I was thirteen when I got my first newspaper route, and after that I delivered newspapers seven days a week and never went back to the country except for funerals. I grew up in Birmingham isolated from my larger family group and from that oral tradition.

And of course my father bought our first television, a small black and white model, when I was about twelve years old, shortly before I became a newspaper boy.  That, I believe, to be one of the   real culprits in my failure to make and keep memories.

We, as a society, watch television instead of interacting as a family or as a community. Books have been written on loss of community.  See for  example Bowling Alone by Robert D.Putnam.

So does this failure of the oral tradition, this trend toward isolation of the individual from community interaction, this sense of realizing that each of us is “lost in the cosmos,” as Walker Percy put it –does that somehow lead to a loss of individual memory?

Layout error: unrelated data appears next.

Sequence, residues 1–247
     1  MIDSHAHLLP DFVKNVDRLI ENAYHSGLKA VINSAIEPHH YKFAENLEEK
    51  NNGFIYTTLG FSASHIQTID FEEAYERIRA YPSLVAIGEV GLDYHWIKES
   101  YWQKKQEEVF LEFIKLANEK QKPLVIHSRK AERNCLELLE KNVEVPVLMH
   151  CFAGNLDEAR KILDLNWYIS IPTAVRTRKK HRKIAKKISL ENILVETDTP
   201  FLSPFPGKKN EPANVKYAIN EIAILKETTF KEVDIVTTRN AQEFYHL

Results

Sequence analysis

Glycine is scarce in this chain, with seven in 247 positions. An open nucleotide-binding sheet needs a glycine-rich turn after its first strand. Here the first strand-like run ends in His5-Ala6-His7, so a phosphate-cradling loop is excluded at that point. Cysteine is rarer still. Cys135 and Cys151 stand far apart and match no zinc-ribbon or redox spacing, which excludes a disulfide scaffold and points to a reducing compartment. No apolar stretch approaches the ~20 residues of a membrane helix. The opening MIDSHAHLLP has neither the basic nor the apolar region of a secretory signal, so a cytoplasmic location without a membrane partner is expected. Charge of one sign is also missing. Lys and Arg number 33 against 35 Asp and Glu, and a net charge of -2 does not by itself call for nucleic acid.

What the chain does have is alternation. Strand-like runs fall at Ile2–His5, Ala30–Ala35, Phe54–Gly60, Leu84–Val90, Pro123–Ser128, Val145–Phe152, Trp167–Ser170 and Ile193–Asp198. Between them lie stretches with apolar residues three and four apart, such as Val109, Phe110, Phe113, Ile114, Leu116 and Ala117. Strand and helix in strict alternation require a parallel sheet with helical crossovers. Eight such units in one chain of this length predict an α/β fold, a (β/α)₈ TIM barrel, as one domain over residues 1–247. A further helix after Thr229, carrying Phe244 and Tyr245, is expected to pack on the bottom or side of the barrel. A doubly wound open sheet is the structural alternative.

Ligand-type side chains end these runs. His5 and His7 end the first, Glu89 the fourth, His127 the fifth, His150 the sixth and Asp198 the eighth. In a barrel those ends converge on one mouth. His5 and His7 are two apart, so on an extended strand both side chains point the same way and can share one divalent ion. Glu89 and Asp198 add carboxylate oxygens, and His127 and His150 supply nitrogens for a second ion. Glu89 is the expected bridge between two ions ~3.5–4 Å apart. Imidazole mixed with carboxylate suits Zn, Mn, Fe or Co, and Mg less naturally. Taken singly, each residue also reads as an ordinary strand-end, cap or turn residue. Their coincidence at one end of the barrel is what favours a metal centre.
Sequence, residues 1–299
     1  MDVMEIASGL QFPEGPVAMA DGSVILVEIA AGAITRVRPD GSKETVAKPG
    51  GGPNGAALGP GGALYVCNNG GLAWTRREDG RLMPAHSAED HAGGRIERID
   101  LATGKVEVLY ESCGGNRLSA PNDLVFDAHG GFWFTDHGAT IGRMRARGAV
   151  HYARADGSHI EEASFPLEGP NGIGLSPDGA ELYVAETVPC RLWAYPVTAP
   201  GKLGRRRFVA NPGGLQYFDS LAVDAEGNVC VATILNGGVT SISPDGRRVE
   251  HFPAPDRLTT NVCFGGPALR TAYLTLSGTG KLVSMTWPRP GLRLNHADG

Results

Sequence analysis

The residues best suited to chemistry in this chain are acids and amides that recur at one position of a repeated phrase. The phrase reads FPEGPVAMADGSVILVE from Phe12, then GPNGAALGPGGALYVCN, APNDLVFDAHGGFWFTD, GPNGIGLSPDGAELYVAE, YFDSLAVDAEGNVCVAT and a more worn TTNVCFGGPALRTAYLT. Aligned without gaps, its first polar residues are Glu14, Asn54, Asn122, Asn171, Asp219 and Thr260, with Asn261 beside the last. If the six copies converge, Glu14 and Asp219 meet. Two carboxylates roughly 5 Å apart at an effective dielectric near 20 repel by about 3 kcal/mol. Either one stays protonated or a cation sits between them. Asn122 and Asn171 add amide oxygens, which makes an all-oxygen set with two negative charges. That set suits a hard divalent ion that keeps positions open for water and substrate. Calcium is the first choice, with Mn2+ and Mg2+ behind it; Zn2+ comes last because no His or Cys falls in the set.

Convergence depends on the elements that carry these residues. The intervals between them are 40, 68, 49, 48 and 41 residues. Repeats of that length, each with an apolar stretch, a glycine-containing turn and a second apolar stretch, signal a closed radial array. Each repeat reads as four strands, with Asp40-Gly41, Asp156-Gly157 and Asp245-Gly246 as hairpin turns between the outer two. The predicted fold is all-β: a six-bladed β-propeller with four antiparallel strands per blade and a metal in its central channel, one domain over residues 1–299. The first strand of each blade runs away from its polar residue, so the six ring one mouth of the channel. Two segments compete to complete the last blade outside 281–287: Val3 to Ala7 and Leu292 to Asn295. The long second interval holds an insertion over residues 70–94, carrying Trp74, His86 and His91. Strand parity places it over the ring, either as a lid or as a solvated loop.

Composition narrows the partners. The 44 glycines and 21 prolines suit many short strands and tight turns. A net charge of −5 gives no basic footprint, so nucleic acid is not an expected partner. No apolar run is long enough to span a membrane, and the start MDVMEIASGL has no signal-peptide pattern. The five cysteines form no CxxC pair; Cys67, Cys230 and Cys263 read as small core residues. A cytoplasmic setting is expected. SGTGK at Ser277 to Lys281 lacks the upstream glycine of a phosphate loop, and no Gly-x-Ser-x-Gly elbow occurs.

And if that is not reason enough for our loss of memory, then look at the way we live today with an I-phone in our hands and anything we need to know we can learn from Mr. Google in an instant. There is simply no reason to remember when a world of information lies at our fingertips. If I need just the right word, the mot juste, [how in hell did I remember that one?], I may simply consult a synonym in the Thesaurus app on my I -phone.  No need to remember all those similar words. The question, of course, is whether this ability to instantly find information will obviate our need to memorize, to remember, and perhaps even the need to think, to reason, and if there is a connection, a cause and effect, how will this ultimately change the nature and character of the human species?  Will this loss of reason lead to more conflict or less?  Will we as a race become more loving, more affectionate. Or more remote, more anti-social?  Will society break down? Will we bring down our own houses, as we have recently witnessed in Syria, so that at the end nothing will be left but homeless people standing in the ruins, hiding from each other because of ideological differences and loyalties we neither understand nor can bridge, reminiscent of Walker Percy’s dystopic novel, Love in the Ruins?